Ridley Scott’s Prometheus opened on Friday — the date the John Carter was originally scheduled to open until Disney decided to move the Andrew Stanton film up to March 9, where it opened with $30.1m and was quickly declared by Disney to be the biggest financial disaster in cinema history. What would have happened if Disney had stuck to the June 8 playmate?
First, keep in mind that Prometheus was originally scheduled for March 9 and only moved to June 8 when John Carter made the switch to March 9. The two films basically swapped release dates. So if John Carter had been released on June 8, it would not, in all probability, have had to go up against Prometheus, as it would have stayed put with its March 9 release date.
It’s hard to say, and hindsight is easy, but the June overall box office take is typically in the $1.5B range, whereas March overall take is more typically around $750m, so there is a much smaller pie to be shared. This weekend Madagascar 3 opened at $60.35M and Prometheus, essentially playing in John Carter’s slot, opened at $50m. Listen to what Box Office Mojo had to say about the Prometheus release:
While it had to settle for second place, Prometheus still earned an impressive $50 million in its opening weekend. That’s off from Inception’s $62.8 million, though it’s a significant improvement over Super 8’s $35.5 million from the same weekend last year. It’s the second-highest opening of director Ridley Scott’s career behind 2001’s Hannibal ($58 million), and it’s also a new record for the Alien franchise ahead of Alien Vs. Predator’s $38.3 million (though ticket sales were about on par with that entry).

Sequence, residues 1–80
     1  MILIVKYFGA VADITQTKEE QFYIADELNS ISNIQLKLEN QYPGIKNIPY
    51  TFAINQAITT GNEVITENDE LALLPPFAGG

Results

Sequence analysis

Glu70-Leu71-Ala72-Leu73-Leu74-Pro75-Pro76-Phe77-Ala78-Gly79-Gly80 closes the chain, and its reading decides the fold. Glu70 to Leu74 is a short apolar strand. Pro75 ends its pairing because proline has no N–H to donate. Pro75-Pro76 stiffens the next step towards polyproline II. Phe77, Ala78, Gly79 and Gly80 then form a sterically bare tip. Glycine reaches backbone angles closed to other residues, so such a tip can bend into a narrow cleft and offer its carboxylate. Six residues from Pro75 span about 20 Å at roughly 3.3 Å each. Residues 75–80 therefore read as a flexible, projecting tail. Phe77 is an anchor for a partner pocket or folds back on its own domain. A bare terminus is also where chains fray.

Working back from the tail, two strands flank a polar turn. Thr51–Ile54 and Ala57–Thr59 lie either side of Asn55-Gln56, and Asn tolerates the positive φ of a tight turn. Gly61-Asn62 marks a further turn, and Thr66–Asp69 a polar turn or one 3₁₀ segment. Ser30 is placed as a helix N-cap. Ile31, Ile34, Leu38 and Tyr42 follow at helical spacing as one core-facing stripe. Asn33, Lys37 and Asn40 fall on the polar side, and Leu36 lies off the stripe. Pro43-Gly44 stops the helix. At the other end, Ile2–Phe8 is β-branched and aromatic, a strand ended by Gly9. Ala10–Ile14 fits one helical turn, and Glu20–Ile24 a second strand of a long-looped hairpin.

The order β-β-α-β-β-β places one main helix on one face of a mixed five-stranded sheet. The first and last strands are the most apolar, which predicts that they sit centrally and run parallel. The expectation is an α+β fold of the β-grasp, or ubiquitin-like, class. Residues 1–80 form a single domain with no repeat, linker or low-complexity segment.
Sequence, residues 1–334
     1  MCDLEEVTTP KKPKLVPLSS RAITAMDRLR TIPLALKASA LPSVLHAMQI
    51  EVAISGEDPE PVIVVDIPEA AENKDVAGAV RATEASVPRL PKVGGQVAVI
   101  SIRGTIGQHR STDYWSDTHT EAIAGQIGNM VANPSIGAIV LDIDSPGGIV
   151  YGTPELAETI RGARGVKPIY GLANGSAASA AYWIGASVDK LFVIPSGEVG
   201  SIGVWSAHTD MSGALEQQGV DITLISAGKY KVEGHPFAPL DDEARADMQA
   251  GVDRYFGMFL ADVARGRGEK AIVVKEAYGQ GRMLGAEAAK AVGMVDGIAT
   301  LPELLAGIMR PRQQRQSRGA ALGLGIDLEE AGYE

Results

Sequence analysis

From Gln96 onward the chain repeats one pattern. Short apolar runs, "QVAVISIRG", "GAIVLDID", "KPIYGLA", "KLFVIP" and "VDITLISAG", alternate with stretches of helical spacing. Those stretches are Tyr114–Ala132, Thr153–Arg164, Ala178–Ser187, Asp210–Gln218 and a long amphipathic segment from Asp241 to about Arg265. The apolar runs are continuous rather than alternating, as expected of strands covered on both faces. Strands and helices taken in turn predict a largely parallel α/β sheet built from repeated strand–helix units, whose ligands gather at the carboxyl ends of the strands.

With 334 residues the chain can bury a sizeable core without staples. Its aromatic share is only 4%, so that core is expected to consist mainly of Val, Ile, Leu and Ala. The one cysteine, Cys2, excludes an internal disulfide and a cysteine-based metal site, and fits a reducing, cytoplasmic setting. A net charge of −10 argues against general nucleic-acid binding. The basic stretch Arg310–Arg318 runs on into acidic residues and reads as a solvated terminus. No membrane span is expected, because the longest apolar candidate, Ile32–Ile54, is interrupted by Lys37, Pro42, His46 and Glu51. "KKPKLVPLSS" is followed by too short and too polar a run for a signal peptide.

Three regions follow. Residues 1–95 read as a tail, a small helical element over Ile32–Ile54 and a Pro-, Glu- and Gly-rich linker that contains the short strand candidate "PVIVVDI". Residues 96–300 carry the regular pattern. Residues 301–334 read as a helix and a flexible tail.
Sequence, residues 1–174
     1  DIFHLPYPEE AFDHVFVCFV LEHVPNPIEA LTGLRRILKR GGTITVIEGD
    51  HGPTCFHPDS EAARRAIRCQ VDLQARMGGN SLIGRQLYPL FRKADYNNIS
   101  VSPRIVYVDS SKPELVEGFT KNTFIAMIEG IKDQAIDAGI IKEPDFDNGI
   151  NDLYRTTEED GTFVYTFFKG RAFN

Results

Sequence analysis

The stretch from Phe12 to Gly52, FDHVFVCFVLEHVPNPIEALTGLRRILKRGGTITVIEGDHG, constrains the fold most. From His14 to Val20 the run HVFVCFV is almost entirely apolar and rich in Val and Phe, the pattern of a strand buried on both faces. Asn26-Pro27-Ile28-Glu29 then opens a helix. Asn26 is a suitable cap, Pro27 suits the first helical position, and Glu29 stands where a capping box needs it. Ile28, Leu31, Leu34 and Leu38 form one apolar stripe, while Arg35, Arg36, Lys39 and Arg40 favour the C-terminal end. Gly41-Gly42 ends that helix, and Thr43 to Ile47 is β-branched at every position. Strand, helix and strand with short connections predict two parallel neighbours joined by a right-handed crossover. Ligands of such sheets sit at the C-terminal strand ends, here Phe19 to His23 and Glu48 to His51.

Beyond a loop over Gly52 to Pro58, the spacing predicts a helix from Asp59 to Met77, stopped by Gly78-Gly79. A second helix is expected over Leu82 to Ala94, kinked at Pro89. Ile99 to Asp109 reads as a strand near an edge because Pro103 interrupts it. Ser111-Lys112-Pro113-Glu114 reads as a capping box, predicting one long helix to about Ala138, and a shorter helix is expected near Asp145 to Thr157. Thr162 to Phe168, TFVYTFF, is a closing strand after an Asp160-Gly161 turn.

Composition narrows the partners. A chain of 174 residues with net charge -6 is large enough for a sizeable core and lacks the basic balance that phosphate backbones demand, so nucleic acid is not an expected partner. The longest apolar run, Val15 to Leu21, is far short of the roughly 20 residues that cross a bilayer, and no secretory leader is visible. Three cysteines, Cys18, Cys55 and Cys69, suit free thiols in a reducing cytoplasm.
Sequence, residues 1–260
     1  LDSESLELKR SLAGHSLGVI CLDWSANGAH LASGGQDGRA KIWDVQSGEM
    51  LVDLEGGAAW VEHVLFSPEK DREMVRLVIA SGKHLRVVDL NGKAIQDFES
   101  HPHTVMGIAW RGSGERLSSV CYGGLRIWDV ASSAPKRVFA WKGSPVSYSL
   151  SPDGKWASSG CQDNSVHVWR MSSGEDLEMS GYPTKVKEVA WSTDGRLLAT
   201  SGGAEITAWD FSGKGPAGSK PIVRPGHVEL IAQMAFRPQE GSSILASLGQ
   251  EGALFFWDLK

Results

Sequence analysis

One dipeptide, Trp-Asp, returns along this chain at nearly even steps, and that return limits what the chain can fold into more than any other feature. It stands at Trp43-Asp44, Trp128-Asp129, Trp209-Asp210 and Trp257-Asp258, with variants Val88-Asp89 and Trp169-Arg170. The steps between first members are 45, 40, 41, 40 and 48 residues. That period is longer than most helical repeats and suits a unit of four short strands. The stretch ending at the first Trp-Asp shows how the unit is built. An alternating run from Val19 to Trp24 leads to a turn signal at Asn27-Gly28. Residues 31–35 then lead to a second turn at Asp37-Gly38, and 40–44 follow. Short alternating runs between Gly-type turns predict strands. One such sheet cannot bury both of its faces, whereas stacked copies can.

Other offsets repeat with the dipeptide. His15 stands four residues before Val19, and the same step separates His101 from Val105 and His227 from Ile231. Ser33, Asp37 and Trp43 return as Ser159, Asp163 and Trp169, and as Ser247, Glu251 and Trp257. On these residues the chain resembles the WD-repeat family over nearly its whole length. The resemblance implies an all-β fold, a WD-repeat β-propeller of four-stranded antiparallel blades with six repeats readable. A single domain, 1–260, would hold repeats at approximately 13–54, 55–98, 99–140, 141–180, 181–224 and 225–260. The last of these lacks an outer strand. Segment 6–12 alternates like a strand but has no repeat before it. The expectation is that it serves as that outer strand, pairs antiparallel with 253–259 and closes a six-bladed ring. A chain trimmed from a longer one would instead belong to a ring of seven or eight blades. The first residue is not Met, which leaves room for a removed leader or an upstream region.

Prometheus’s debut ranks 12th all-time among R-rated movies, and among action-oriented ones it was behind The Matrix Reloaded ($91.8 million), 300 ($70.9 million), Watchmen ($55.2 million) and Wanted ($50.9 million).
This may not be the monumental opening many were hoping for, but by pretty much any measure it’s an unqualified success. Dark, “original,” R-rated sci-fi movies are a tough sell, and on paper Prometheus resembled recent duds Pandorum and Sunshine (total of $10.3 million and $3.7 million, respectively). Of course, Prometheus was a big-budget Ridley Scott movie getting a nationwide release from a major studio, so it was always going to be significantly bigger than those titles, but to get this high is really a tribute to 20th Century Fox’s incredible marketing effort. When the attention-grabbing teaser trailer landed in December the movie immediately shot to the top of many must-see lists, and future material (including some cool viral videos) was equally enticing. Also, for most of the campaign there wasn’t an explicit connection made to Alien, which made the movie feel like a must-see original movie event.
It’s interesting to see that somebody in Hollywood knows how to market a film, although it’s also interesting to see the gaps in logic — how, for example, Fox avoiding reference to Alien until the very end “made the movie feel like a must-see original movie event” when failing to connect John Carter to its heritage is seen by most as the biggest single deficiency in the John Carter marketing campaign.
Well, as William Goldman famously said of Hollywood: “Nobody knows anything”.